FINANCIAL LITERACY SUNDAY
Sunday, October 2, 2011
Charmaine P. Johnson, Guest Lectionary Commentator
Charmaine holds an MBA and is a 2nd-year MDiv student at Candler School of Theology, Emory University, Atlanta, GA.
Lection – Proverbs 28:22-27 (New Revised Standard Version)
(v. 22) The miser is in a hurry to get rich and does not know that loss is sure to come. (v. 23) Whoever rebukes a person will afterwards find more favor than one who flatters with the tongue.
(v. 24) Anyone who robs father or mother and says, ‘That is no crime,’ is partner to a thug.
(v. 25) The greedy person stirs up strife, but whoever trusts in the Lord will be enriched.
(v. 26) Those who trust in their own wits are fools; but those who walk in wisdom come through safely. (v. 27) Whoever gives to the poor will lack nothing, but one who turns a blind eye will get many a curse.
I. Description of the Liturgical Moment
The African American Church has been the nucleus of its community for many years. There is no aspect of African American life that isn’t touched by the church. Many congregants seek leadership and guidance in EVERY aspect of their lives from the African American church, including the financial arena. Due to its centric nature to the African American community, the African American church has also been the institution that has maintained an accurate pulse of conditions in society—whether those conditions and consequences are detrimental to the community or whether they are beneficial and fruitful. Financial literacy is certainly included in the litany of elements that comprise the concerns of the African American church. Urgently, more than just a concern, financial literacy must now become an integral part of what the African American church teaches. In an interview with CNN’s Soledad O’Brien, economist Julianne Malveaux states if the church can provide financial literacy education that is certainly a bonus.1
Financial health and wellness is a critical component to the totality of one’s overall well-being. Therefore, financial literacy undoubtedly warrants acknowledgment and focus in the most important institution of the African American community—the African American church. The challenge for many African American churches is to promote financial literacy by providing a sacred and safe place and space for congregants to take a personal inventory of not only their personal and current “state of the (financial) union” but also their attitudes toward their personal financial well-being. In order to make a significant long-term impact in this arena, financial literacy should become embodied and embedded in every church’s social location and not merely a focus on one particular Sunday of the year.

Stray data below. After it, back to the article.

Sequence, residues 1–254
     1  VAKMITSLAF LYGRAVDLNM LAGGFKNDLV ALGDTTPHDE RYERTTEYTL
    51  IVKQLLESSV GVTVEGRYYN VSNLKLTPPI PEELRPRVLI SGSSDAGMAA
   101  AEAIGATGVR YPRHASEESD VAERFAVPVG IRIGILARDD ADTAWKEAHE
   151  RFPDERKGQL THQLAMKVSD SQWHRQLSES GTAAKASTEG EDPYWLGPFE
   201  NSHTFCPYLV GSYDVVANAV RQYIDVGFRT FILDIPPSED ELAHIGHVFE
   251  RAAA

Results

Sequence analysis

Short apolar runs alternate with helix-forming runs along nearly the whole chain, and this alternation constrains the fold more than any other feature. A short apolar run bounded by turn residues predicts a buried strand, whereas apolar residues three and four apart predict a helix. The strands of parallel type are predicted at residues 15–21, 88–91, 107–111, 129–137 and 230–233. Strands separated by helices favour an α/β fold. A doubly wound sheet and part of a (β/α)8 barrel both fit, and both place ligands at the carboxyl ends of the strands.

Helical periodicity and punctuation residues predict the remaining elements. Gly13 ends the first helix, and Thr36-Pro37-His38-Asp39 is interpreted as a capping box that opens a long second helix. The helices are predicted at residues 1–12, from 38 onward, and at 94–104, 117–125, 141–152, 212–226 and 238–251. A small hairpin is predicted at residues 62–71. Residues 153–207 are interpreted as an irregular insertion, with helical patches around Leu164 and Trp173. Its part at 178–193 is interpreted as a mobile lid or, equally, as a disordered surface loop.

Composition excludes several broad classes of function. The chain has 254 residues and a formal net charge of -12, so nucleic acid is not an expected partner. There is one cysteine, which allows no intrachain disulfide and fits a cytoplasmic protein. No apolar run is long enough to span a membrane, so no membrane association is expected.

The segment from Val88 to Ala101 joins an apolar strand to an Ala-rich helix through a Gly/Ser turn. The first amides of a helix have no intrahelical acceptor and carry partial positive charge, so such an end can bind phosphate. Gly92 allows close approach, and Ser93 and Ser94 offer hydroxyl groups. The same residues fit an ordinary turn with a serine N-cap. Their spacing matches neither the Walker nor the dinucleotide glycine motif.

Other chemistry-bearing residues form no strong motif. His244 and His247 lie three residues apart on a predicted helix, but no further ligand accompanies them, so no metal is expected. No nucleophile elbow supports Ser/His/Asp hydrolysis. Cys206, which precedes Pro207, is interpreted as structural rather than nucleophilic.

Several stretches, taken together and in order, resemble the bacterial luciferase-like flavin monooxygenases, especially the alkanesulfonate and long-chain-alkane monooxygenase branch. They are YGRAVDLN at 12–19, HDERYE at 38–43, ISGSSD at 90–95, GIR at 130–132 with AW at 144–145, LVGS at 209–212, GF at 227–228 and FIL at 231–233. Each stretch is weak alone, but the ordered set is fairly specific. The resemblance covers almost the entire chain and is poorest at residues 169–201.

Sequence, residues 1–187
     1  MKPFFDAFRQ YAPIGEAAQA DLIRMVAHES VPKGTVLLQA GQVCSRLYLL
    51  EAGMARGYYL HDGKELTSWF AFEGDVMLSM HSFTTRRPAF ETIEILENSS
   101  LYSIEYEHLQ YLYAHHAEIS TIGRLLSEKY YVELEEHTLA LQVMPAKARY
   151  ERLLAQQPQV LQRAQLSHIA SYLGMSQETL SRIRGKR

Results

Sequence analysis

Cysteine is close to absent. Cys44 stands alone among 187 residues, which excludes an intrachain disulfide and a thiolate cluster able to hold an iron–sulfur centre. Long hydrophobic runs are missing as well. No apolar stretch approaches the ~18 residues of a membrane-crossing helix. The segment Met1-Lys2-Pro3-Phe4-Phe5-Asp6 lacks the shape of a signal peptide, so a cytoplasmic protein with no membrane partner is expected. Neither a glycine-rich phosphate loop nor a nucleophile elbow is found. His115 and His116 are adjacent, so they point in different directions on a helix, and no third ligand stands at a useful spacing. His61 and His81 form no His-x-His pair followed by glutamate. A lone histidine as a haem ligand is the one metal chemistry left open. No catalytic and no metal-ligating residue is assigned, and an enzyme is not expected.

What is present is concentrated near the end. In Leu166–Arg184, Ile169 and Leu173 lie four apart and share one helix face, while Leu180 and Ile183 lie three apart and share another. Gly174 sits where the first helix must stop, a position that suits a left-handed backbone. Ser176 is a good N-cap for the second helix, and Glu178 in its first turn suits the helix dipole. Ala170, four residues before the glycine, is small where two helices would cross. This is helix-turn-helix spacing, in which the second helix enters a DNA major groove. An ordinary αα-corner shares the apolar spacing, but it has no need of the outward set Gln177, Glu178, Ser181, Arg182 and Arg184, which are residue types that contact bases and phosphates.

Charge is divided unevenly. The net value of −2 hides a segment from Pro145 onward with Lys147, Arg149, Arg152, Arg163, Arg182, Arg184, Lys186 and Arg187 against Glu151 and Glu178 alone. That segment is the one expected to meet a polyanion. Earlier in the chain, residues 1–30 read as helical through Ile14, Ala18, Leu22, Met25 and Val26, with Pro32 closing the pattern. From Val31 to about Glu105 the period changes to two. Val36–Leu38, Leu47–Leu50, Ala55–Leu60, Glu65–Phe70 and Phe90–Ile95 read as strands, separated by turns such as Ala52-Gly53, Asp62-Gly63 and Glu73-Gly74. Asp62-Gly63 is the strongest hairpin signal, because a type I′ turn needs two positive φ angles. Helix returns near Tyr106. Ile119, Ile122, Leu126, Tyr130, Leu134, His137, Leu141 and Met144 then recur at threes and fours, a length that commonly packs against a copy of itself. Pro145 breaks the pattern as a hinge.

II. Biblical Interpretation for Preaching and Worship: Proverbs 28:22-27
Part One: The Contemporary Contexts of the Interpreter
I overheard an alarming comment from a congregant about a pulpit announcement regarding an upcoming financial literacy workshop for women in the church community This weekend workshop was designed to address topics such as debt management, budgeting and spending, wills and living trusts, and retirement planning, to name a few. The congregant’s comment indicated a dependency on the African American church to provide programs that would enhance and nurture ONLY the spiritual well-being and assist with growing closer to Christ, not programs that would address finances and attitudes or habits in the financial sphere of life. Given the current economic challenges in contemporary society, especially within the African American community, as well as the intricate relatedness of all parts of our being, there was obviously a disconnect concerning the connection between our spiritual maturity and our financial security evidenced by such an alarming comment. Whatever we do in or outside the Church is connected; the people of God cannot bifurcate their behavior dividing it according to whether we are inside or outside the Church. Shopping at stores that rob the poor is a reflection of our spiritual maturity; being gluttons in how much we consume is a reflection on our level of spiritual maturity; and our handling of our personal finances speak volumes about our spiritual maturity.
The pericope provides us some of the “keys to financial literacy.” Let us examine these “keys” by highlighting the wisdom presented in these proverbs.
Part Two: Biblical Commentary
The Book of Proverbs presents a series of collections intended to provide wisdom through fear or reverence for the Lord, thereby presenting the framework to avoid foolish actions or conduct. Wisdom can be viewed not only as direct knowledge or insight but also as discipline, good judgment, and discernment.
The proverb presented in verse 22 relates to the person who hastens to be rich—a miser. It clearly indicates that any stingy person or “person with an evil eye” will eventually experience poverty. Ironically, the stingy person cannot see the poverty that lies at the end of the road, especially with an evil eye. Complete destitution is coined as God’s punitive action toward anyone who allows greed and stinginess to surface as dominant behavior in their process of accumulating wealth.